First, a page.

It’s something you hear a lot with regard to songwriting, but with other creative arts as well: Simplicity is a virtue.
Don’t get me wrong – I love complexity in music, and I always have. But once in a while I’m reminded of how powerful a song can be when:
- melodic lines are clear
- chords don’t wander too far from home
- lyrics are easy to understand (even if there’s a double meaning to consider)
Complexity in your songwriting technique can be wonderful. Complexity makes listeners want to return and listen again. But complexity can also chase would-be listeners away if they’re not into musical analysis, but just want some easy entertainment.
That makes it sound as though I equate simplicity in music with “fluff”, but I mean nothing of the sort.
But if, as a songwriter, you find that in the pursuit of simplicity your songs just sound a bit too lightweight for your taste, you may be going about it the wrong way.
As you strive to keep your melodies, chords and lyrics from being too complicated, keep the following principles in mind:
- Love is a category, not a topic. Sure, we call them “love songs,” but simply singing that you love someone doesn’t usually give the audience enough to make that all-important emotional connection. You need to give more. There needs to be a story (actual or implied). Find the story. On the surface, at least, there needs to be something compelling — a story or situation — that the listener doesn’t have to go digging too deeply for.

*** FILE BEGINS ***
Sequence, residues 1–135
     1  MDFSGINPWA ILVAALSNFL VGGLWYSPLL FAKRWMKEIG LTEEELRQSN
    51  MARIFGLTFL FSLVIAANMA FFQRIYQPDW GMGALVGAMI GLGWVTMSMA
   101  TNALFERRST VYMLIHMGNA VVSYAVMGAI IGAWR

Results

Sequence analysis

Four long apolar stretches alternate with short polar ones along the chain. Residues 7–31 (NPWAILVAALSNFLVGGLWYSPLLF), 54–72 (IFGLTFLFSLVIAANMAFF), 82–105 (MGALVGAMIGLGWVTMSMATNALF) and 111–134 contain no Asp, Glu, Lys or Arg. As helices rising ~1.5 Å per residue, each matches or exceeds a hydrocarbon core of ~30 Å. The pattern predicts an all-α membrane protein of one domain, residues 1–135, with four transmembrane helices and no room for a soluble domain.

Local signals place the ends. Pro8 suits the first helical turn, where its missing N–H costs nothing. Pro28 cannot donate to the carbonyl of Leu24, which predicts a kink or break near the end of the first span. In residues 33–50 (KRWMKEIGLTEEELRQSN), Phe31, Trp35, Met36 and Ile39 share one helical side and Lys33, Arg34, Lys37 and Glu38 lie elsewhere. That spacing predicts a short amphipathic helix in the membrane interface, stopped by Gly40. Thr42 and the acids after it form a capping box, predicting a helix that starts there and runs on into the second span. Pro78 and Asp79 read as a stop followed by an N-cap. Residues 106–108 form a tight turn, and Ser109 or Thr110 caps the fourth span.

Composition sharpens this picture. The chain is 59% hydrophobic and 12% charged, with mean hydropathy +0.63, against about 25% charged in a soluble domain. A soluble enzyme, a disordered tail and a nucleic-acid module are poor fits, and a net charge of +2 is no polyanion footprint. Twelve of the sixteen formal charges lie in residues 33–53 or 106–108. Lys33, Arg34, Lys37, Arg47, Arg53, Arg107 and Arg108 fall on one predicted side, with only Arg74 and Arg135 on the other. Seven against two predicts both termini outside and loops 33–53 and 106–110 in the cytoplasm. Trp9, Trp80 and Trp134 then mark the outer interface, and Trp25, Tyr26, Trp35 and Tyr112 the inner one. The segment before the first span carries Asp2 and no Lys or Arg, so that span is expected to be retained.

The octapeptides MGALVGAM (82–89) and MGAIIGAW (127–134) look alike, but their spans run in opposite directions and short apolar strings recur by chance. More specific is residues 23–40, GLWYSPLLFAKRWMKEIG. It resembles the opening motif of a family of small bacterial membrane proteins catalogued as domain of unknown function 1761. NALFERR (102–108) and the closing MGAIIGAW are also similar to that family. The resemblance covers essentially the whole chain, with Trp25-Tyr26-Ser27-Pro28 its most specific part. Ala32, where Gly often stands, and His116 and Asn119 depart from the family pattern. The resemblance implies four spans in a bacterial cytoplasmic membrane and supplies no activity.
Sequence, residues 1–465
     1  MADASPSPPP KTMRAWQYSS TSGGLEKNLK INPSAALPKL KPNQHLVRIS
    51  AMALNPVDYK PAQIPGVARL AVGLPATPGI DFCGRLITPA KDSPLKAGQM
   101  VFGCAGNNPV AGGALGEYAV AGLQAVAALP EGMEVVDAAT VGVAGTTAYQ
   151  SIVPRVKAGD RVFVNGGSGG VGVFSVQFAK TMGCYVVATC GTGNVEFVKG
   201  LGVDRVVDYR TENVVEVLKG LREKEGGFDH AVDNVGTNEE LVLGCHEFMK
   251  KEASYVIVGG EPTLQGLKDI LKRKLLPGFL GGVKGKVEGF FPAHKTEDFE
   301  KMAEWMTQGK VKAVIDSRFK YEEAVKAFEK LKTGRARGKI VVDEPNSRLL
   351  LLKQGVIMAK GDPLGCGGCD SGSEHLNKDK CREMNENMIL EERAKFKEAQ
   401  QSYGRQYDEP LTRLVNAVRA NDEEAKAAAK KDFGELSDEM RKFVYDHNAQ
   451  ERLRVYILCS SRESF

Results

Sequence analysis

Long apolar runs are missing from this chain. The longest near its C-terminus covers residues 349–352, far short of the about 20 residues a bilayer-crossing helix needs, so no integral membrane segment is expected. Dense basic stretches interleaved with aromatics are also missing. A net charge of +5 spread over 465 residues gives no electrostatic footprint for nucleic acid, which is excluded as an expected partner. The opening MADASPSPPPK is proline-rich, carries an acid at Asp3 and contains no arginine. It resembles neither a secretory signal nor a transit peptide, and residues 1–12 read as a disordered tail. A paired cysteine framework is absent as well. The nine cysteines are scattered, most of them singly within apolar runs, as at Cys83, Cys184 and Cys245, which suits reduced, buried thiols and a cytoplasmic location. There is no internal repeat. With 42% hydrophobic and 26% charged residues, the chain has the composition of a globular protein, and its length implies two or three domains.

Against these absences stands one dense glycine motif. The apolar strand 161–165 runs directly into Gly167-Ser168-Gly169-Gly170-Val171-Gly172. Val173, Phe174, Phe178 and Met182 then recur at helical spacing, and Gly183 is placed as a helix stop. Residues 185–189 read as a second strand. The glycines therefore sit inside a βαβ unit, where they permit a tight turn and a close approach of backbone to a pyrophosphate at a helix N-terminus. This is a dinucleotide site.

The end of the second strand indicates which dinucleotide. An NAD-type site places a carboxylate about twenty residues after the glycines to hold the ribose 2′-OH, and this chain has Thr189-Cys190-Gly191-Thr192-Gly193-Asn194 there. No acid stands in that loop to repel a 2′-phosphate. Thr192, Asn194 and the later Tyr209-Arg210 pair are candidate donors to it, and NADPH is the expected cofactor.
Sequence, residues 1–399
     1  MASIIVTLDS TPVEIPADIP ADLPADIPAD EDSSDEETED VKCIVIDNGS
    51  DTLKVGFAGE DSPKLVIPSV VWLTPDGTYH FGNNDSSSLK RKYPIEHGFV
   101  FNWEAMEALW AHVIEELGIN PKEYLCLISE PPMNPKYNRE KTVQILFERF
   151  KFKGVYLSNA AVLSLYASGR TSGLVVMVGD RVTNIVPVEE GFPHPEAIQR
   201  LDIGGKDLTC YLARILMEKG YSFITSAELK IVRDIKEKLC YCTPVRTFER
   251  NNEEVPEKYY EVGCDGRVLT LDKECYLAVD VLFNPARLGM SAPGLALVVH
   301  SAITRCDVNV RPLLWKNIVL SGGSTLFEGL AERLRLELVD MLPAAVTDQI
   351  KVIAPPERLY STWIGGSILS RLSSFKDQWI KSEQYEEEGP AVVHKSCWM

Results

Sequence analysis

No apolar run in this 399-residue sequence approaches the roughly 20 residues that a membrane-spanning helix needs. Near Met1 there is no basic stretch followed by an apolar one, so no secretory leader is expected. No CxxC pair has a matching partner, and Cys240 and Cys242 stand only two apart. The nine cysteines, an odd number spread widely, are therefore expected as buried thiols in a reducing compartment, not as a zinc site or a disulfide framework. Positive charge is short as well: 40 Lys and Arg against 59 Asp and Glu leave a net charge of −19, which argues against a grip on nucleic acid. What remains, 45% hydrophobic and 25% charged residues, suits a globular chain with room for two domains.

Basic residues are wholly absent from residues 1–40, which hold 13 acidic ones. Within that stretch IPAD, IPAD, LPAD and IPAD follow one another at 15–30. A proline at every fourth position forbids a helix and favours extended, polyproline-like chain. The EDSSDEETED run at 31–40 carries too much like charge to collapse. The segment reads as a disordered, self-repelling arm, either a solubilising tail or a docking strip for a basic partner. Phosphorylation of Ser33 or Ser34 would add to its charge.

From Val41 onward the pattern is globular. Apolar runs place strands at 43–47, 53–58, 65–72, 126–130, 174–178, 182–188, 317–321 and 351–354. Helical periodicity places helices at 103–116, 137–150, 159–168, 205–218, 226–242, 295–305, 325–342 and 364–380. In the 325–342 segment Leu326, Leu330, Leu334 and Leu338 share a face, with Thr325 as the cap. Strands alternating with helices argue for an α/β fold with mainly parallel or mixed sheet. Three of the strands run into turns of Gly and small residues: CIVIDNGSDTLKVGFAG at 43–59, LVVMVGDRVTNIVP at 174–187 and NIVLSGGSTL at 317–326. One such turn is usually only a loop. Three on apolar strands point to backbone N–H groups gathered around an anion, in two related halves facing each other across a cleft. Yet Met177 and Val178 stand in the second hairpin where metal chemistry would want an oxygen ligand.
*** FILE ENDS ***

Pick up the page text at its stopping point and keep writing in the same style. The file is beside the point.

- Keep chords from wandering into key areas that stray too far from your starting key. If your song is in C major, visiting A minor (the relative minor), particularly in the verse, is about as adventurous as you need to get.
- Allow melodic shapes to be repetitive and predictable, within reason. Sequencing works well: creating a short, melodic idea which than moves up or down by a tone and repeats, starting on that new note. Think of how “Groovy Kind of Love” makes an opening melodic statement, then moves it up by a tone, at least as a start to the second phase. That kind of predictability works really well, keeping melodies simply and immediately enjoyable.
Beyond those tips, remember that simplicity is also a virtue when it comes to the formal design of your songs. I think Jack Johnson’s music is a great example of how simplicity in the actual design of a song allows listeners to feel that they understand what they’re hearing.
So if you want a good model of how simplicity can really be compelling and attractive in songwriting, I think Jack Johnson’s “Better Together“, from his “In Between Dreams” album, is a perfect example.
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